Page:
Judicial Foreclosure Definition and Explanation
A judicial foreclosure is one that the courts have the authority to take over and start the process of foreclosure. This process varies greatly depending on where you live and how your mortgage works. In many cases, this type of foreclosure is only available to homeowners behind their mortgage payments and in a rush to get out from under the debt.
Many people facing this type of foreclosure may be eligible for government assistance, including the HAMP program. In some cases, the foreclosure auction will occur in the public notice section of a courthouse or the Probate Courthouse.
What Law Says About Judicial Foreclosure
The judicial foreclosure definition clearly states that this type of foreclosure is a last resort. The homeowner has to be at least eighteen days behind on the mortgage, and there have to have been repeated attempts to contact the homeowner to arrange payment arrangements. The homeowner must be served with legal papers and appear before the judge enters a formal foreclosure agreement. If the judge agrees to the sale, the new owner will go forward without any involvement from the homeowner or the bank. At this point in the process, there will be no chance of a re-sale of the home since the house has already gone to the bank.
This is a critical time for the homeowner because it’s not always easy to recover from a foreclosure. While there is a loss of equity, there could still be some equity left if the homeowner can prove that there were errors made in the mortgage paperwork. For this to happen, the homeowner should hire an attorney specializing in foreclosure law to get a clear picture of what the process entails. In many states, the homeowner does not even have to pay for the attorney since it’s government-funded. This is important because if the homeowner does nothing with the judicial foreclosure definition of foreclosure, then they could lose all their equity, and their home could be taken away.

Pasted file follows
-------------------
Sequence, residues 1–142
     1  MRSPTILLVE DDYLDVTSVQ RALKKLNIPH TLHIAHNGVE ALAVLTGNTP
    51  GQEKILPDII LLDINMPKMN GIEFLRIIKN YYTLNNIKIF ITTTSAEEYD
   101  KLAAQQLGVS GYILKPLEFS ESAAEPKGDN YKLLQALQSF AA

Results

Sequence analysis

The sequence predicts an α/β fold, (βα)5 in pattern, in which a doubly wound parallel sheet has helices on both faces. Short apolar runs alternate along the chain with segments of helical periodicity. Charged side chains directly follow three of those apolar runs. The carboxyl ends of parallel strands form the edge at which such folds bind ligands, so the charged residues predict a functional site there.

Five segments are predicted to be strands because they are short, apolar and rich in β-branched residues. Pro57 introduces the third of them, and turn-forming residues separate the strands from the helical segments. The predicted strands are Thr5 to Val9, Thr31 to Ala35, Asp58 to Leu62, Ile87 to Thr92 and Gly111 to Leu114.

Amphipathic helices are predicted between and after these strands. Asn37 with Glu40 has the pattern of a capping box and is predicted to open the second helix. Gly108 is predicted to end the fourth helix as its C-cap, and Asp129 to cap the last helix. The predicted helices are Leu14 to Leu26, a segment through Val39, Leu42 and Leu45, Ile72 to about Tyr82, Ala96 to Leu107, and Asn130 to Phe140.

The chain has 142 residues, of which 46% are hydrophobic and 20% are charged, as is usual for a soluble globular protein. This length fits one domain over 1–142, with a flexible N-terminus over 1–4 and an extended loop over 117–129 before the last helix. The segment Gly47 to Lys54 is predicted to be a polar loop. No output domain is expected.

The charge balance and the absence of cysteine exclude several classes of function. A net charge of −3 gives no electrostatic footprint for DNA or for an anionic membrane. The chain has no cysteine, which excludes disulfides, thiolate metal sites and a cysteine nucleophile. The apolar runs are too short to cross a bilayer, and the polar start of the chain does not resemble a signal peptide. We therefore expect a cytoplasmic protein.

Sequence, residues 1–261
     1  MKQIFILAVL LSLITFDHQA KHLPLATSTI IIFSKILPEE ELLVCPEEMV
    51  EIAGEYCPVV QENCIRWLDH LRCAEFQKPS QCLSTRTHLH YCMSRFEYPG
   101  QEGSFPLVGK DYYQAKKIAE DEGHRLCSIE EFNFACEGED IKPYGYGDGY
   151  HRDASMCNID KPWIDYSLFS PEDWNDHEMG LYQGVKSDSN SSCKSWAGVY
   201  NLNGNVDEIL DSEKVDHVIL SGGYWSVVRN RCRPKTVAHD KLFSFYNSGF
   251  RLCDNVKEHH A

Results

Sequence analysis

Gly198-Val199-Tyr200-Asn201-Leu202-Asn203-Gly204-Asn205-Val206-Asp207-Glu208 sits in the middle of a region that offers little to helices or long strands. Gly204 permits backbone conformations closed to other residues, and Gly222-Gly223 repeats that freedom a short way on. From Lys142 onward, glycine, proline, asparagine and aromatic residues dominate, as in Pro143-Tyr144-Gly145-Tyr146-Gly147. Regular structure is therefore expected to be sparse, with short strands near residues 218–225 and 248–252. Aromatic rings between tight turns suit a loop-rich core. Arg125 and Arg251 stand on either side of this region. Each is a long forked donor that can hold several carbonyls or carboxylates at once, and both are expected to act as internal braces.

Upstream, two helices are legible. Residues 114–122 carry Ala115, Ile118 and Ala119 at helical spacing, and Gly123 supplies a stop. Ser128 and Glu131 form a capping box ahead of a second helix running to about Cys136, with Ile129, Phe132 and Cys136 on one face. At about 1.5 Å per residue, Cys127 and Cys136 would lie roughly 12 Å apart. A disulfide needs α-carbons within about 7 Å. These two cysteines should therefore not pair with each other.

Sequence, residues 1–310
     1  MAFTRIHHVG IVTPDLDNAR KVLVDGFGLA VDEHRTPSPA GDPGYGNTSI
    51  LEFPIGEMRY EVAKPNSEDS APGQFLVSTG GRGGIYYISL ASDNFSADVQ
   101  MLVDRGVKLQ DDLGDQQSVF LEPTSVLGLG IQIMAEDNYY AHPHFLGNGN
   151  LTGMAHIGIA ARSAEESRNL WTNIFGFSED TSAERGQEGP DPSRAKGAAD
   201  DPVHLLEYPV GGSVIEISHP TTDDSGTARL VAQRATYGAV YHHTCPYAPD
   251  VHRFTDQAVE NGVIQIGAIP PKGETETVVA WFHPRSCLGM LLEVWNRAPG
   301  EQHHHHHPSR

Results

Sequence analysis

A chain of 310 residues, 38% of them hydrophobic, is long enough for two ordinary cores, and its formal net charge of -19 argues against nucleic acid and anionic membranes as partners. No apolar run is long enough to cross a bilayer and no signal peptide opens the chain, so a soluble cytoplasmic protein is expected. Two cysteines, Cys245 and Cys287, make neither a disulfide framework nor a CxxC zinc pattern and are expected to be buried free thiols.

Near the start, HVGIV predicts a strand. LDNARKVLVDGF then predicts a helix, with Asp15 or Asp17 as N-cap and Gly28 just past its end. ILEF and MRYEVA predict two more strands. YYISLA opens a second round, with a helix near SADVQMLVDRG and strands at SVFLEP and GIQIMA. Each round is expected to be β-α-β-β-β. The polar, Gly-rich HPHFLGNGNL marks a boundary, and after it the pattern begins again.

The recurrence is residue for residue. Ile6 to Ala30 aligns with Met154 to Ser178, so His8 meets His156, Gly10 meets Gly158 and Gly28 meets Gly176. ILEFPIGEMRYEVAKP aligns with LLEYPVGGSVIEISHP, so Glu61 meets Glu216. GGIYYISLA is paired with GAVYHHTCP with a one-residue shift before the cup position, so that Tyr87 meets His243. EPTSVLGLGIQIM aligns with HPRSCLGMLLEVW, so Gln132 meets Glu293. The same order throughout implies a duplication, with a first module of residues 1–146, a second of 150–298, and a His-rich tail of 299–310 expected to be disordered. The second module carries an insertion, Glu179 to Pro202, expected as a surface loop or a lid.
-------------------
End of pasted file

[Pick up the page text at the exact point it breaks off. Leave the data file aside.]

How it works in Astoria, NY
For many years, it was assumed that how judicial foreclosure works differs from the non-judicial method in many states. This has been due to confusion over how each state’s courts define the mortgage process and how they view taking home through foreclosure. Some have even suggested how the non-judicial process for foreclosure works is similar to how judicial foreclosure works. However, the truth is that there are apparent differences between the two methods of selling a home in many states.
Judicial foreclosures may last anywhere from six months to around three years, based on the state. To begin the foreclosure process, the mortgage servicer, or the company to which mortgage services are paid, must wait until the borrower is delinquent on payments for 120 days.
The servicer will notify the foreclosing party with a breach letter, allowing the debtor to know they’re in default on their mortgage. Typically, the debtor then has 30 days to cure the default, and if they’re unable to, the servicer will proceed forward with the foreclosure proceeding.
Can I handle it myself?
Even if you understand the judicial foreclosure process, it’s not enough for good defense. Contacting an attorney will save your time on learning how to fill in documents and the next steps. It hardly recommended calling a professional if something is wrong. Besides, many of them offer free quotes.